“One thing is for sure: Gothenburg has a clear plan … [that] builds on extensive collective efforts” The plan builds on extensive collective efforts. Advancing to create even more benefit together. Gothenburg faces its most significant development in modern times. By the year 2035, the city plans to grow by almost a third and to provide space for the population to increase with more than 30 per cent. The meetings industry contributes to national and international collaboration by bringing academia and the business community together. It also provides excellent conditions for knowledge dissemination and improving skills. It attracts talent and decision makers. Gothenburg, as a knowledge hub, creates social and economic benefits. In short: meetings make Gothenburg even better. From the strategy we read: Ten initiatives to make the city made for meetings better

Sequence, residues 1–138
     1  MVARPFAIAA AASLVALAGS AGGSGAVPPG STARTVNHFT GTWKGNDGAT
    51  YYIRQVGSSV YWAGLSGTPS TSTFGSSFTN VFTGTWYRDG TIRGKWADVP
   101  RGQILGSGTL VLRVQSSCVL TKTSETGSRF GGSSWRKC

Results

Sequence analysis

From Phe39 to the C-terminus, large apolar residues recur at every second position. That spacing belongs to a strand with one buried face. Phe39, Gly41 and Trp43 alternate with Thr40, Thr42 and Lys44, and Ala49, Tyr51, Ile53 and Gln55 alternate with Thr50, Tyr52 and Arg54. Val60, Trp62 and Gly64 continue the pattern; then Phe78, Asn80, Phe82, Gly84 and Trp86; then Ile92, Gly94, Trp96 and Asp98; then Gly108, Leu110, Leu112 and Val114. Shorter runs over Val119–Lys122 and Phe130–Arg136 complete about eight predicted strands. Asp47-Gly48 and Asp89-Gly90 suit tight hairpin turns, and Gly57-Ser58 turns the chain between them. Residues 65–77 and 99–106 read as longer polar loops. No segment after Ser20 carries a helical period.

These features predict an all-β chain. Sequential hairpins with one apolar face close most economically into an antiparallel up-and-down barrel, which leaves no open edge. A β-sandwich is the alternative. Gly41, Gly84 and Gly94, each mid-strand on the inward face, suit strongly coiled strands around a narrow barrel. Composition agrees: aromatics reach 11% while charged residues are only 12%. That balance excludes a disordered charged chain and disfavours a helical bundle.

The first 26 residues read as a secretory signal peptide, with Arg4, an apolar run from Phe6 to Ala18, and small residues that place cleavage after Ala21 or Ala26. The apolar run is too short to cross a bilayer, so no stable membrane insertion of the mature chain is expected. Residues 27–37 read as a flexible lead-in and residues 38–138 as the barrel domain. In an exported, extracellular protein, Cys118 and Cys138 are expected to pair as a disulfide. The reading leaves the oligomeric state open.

Strengthen Gothenburg's ability to innovate by promoting interdisciplinary meetings.


Raise international awareness of Gothenburg. Utilise Gothenburg's ongoing development in marketing the city as a meetings destination. Develop the process for organising public events to coincide with meetings. Utilise the driving force of the younger generation. Make Gothenburg a place for global debate, through meetings. Seven Gothenburg success factors:

1. Effective collaboration between the business community, academia and the public sector. 2. Sustainable, appealing and outstanding experiences. 3. Innovative ways to maximise delegate attendance. 4. World-leading research and motivated meeting ambassadors. 5. High availability and efficient infrastructure. 6. A diverse choice of meeting facilities and hotels.